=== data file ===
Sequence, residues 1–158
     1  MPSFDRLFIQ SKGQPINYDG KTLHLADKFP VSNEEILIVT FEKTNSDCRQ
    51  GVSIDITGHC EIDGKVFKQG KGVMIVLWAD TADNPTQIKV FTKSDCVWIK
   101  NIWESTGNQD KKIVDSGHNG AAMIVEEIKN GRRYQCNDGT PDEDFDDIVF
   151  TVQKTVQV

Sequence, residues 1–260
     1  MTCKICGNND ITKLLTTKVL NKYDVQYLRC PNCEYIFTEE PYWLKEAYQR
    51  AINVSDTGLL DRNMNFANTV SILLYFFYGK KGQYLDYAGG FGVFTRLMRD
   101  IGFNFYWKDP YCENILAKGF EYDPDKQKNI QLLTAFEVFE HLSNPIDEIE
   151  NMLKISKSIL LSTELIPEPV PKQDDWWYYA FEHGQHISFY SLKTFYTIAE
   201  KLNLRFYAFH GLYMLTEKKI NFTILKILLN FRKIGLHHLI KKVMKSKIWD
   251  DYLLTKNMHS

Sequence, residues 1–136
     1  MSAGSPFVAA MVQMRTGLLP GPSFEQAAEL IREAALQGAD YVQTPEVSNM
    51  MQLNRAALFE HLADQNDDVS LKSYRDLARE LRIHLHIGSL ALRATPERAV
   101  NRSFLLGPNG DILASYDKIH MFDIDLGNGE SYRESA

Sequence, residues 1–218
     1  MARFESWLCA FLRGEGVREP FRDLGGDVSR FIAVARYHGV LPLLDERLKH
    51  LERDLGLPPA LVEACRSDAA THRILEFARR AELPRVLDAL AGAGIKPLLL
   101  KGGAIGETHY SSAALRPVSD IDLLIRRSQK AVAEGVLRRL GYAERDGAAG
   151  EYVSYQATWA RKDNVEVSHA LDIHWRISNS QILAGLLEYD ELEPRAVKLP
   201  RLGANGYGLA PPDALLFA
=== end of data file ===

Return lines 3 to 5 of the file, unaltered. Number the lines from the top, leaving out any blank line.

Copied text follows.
    51  GVSIDITGHC EIDGKVFKQG KGVMIVLWAD TADNPTQIKV FTKSDCVWIK
   101  NIWESTGNQD KKIVDSGHNG AAMIVEEIKN GRRYQCNDGT PDEDFDDIVF
   151  TVQKTVQV